A new documentary about late pop star Amy Winehouse has split opinion and upset her family. Fiona Leckerman watches Amy and speaks to the creative team behind the film, which features unseen archive footage.
I can’t underestimate how tortuous this film has been to make both technically and emotionally; it has been a monster to get right,” sighs producer James Gay-Rees as he discusses the most anticipated film release of the year.
Amy is a feature-length documentary about the life and premature death of the phenomenally talented singer Amy Winehouse. The film has been equally showered with praise by critics and publicly dismissed by her father, Mitch Winehouse.
Since Universal Music first approached the team behind the award-winning film Senna to work on a retrospective movie chronicling Amy’s life, the ride has been far from smooth. Director Asif Kapadia and video editor Chris King also join in the conversation about the film they collectively hope will show who this north London Jewish girl really was.
To say the film is magnificent would be an understatement. It is simply the most extraordinary account of one person’s life put on to film in recent history.
From the opening shots to the final credits, we are transported into the world of Amy Winehouse, magnetised by her distinctive voice. It is impossible to look away or close off your senses to the talented, tragic, emotional, heartbreaking, silly, humorous, dark and dirty life that was hers. Constructed entirely out of footage collected from friends, family, YouTube clips and beyond, Kapadia follows a linear structure, starting with Amy as a teenager.
It is clear the film selected has been done so to show Amy’s multifaceted and complex personality. We see her laughing with her friends, flirting with the camera, singing… We get to see the girl behind the wigs, make up, drink and drugs that muddied the later part of her life.
Kapadia says: “The film is an honest representation of all our research and it’s my version of a musical where the songs are the narrative.”
Lyrics are placed on screen next to the action, which highlights the significance of her songs. “Once you understand that the lyrics are personal, you realise that to understand her life, you just have to listen to the songs,” explains Kapadia.
Coupled with the footage, the songs become even more pronounced. We discover the lyrics from Back to Black are the story behind Amy’s break up from Blake Fielder-Civil [her ex-husband] – “We only said goodbye in words, I died a hundred times, you go back to her and I got back to…” As the song plays, her best friend narrates the story of how Blake broke up with her via text.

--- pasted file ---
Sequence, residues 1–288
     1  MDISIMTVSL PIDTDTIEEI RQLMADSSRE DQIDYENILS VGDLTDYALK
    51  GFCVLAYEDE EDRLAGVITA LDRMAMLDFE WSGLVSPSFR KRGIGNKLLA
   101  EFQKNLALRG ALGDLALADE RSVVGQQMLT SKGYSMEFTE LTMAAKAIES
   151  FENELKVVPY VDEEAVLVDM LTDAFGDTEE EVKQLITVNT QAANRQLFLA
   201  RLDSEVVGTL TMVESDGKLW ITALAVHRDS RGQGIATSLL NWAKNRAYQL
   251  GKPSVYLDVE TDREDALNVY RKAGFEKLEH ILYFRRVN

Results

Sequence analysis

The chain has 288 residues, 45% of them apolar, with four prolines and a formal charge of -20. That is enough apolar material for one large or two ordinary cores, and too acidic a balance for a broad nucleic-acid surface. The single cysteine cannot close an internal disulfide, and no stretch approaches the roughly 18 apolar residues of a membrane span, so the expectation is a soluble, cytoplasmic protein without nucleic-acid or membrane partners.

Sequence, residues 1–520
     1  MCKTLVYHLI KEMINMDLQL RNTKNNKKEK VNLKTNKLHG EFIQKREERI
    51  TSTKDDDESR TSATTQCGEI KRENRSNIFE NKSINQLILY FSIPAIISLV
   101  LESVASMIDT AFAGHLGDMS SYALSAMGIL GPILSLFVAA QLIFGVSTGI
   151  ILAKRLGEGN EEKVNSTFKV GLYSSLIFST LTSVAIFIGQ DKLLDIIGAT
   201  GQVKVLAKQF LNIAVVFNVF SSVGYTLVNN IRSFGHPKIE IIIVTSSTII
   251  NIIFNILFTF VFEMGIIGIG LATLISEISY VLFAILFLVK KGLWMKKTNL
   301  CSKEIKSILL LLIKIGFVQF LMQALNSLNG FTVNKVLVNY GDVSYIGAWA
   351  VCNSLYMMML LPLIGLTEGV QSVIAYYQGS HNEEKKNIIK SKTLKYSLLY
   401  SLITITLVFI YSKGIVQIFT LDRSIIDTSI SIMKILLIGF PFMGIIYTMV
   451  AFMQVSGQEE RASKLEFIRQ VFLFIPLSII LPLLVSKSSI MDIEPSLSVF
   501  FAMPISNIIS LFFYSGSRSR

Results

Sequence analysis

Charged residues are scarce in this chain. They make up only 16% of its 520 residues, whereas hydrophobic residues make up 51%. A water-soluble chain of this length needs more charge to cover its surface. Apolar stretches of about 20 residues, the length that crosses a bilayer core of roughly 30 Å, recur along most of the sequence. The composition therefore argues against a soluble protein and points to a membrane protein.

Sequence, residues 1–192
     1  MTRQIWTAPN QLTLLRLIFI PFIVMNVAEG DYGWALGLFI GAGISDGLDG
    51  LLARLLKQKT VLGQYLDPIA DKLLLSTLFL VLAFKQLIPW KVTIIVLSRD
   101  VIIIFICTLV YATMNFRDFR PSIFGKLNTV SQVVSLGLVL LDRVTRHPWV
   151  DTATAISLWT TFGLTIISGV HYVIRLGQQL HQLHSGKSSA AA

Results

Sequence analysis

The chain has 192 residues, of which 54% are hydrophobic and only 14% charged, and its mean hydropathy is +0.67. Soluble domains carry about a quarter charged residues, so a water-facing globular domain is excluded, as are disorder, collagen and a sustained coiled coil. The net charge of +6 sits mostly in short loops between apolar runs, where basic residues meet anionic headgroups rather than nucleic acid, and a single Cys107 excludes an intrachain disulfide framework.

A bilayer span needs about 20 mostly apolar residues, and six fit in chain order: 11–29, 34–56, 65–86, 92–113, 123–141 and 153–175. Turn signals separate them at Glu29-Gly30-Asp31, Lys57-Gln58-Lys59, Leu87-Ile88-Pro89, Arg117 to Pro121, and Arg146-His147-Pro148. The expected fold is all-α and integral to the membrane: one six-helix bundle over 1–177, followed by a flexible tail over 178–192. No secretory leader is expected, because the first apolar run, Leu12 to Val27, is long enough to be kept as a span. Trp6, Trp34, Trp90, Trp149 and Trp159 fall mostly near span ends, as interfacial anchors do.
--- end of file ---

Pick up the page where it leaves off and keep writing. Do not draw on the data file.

The song resonates with meaning. The same can be said for Rehab, which catapulted her to fame. Kapadia, who interviewed many of her close family and friends, admits it wasn’t until he heard Amy’s first manager and friend Nick Shymansky’s description of his relationship with the singer that he realised that Amy wrote Rehab about Nick. It was this revelatory moment that shaped the narrative of the film.
“Our job was to figure out the story and her songs were really the spine; in the unravelling of them and understanding who and what she was talking about, whilst finding a way to visualise it, we found our film.”
King explains this as the marrying of the spoken interviews with the footage. “It was a messy, organic learning-as-you-go-along process,” he says. It is evident that the process of the film was about what made Amy tick. “It was like an investigation; we looked at what her issues were that fundamentally caused her to drink herself to death at the age of 27,” says Gay-Rees. “It’s hard to grapple with the idea that if you have all these issues of bulimia and depression and then you pour the petrol of fame and money and success on top, a person is bound to explode.”
The film does not shy away from the inevitable, staying faithful to the characters it follows. At Amy’s funeral, Kapadia lets the film linger on the hunched broken image of Shymansky crumpled in grief.
This poignant moment works well to express the shared feeling of guilt carried by those close to her and the regret that more could have been done to help her. Even Kapadia confesses: “Maybe people made decisions that were not right for her at the time, maybe taking her out of the limelight would’ve been the right thing for Amy.”
Perhaps watching these mistakes immortalised on film is what upsets Mitch, who doesn’t come across as the villain he implies the film makes him out to be, but he certainly was not her saviour.
Amy is a documentary that neither criticises nor provides judgement on any of these factors, it is purely a collection of her voice, songs, lyrics and performances pieced together to form a whole.
Fellow north Londoner, Kapadia reflects: “I think the film is also about us and the city, the entertainment industry, it’s about her friendships and relationships and it’s about the audience, how we played a part too.”
So as we are played out by the band, the memories that no doubt will jar in our minds are that of the diminutive Jewish girl with the big voice who had no desire to be famous and only ever wanted to sing.
• Amy is on general release nationwide from tomorrow
Clockwise from top: Amy Winehouse, a larger than life personality who only ever wanted to sing, and pictured on stage; with her best friend Juliette Ashby. The award-winning artist died age 27